The second aspect is what kind of tea to use. Black tea, obviously, and not Earl Gray. But even black tea has varieties. The simple answer is it doesn't matter: they all come from the same plant, it's just a matter of processing. Just grab a decent brand - Dilmah is a safe choice for a newbie. Your keywords otherwise are Darjeeling or Orange Pekoe. The latter doesn't have bits of oranges in it, that's just a reference to the color it has in TV commercials. Both these types are actually pure, unflavoured black tea - exactly what you want. Don't use English Breakfast Tea!
It's black and unflavoured, but it's a cheap mixture designed to be drunk at the time of day when your sensory receptors haven't recalbrated to the physical universe yet.
Now, next up is the tricky part, that which makes the tea Russian. Whereas normally you would make all of the tea in a pot, then pour into a cup and drink, the right way here is to use the pot for zavarka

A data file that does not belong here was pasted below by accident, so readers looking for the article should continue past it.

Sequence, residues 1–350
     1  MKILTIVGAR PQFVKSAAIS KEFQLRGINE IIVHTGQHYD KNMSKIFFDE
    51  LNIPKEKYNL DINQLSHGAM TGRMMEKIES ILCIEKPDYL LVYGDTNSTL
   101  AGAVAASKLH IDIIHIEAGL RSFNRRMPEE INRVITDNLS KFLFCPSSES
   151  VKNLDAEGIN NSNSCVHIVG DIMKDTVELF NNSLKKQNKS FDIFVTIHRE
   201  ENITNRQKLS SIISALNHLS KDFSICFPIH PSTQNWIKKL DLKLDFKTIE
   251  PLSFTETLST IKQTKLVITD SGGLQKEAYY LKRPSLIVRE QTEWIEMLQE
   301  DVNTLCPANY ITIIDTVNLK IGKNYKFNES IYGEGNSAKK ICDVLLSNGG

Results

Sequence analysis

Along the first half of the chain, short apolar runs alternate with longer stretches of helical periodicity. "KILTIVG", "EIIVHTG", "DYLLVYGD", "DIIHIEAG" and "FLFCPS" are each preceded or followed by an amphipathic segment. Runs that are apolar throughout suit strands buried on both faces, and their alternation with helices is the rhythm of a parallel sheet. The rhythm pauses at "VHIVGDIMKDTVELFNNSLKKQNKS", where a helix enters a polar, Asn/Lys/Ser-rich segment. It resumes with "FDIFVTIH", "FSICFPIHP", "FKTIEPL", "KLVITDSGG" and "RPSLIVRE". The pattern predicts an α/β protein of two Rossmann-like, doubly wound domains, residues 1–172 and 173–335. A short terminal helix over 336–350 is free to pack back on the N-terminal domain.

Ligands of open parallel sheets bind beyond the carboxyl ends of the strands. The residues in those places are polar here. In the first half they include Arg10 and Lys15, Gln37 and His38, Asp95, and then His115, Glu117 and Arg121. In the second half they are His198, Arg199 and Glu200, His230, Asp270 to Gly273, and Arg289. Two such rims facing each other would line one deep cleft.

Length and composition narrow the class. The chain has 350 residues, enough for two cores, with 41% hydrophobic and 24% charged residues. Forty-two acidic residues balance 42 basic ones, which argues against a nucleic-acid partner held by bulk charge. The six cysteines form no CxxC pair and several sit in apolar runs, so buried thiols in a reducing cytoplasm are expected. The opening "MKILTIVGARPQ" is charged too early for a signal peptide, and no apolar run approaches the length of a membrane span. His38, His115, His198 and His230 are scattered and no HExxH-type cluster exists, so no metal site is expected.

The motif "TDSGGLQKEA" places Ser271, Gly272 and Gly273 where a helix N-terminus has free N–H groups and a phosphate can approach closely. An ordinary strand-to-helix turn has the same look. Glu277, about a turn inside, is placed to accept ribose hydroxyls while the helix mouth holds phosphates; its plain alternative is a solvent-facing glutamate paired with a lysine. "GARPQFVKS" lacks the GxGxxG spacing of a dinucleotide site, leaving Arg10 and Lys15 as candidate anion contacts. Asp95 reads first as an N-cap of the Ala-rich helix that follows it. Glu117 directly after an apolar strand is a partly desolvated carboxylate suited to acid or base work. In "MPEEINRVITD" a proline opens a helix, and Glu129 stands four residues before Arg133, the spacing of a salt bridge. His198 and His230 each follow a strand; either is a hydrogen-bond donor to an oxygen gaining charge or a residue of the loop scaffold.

- the concentrate. You mix your own tea in your own cup: put in a bit of the concentrate and add water by preference. This does not deteriorate the taste of the tea, because it's still drawn out of the leaves by boiling hot water right there and then; but it allows you to vary the strength of it. This is where the social aspect comes in. A pot of zavarka, along with a kettle, lets each person have the tea at the strength they enjoy most.
The ratio of free tea leaves to water for zavarka is the same as the ratio of coffee powder to water for regular drinking coffee. Remember
, you're going to be diluting the tea a lot! Plus, I'm talking about dry volume: dried tea leaves have a lot of volume but little weight and density. Use teaspoons. If you use 4 tablespoons of coffee for a half-pint (quarter-liter) mug, put 4 tablespoons of tea in the pot and pour a half-pint of boiling water over them. (Use this ratio - 4 teaspoons of leaves per 250ml of water
- as your default.)
An important point, one that Mr. Adams got right: the water has to be boiling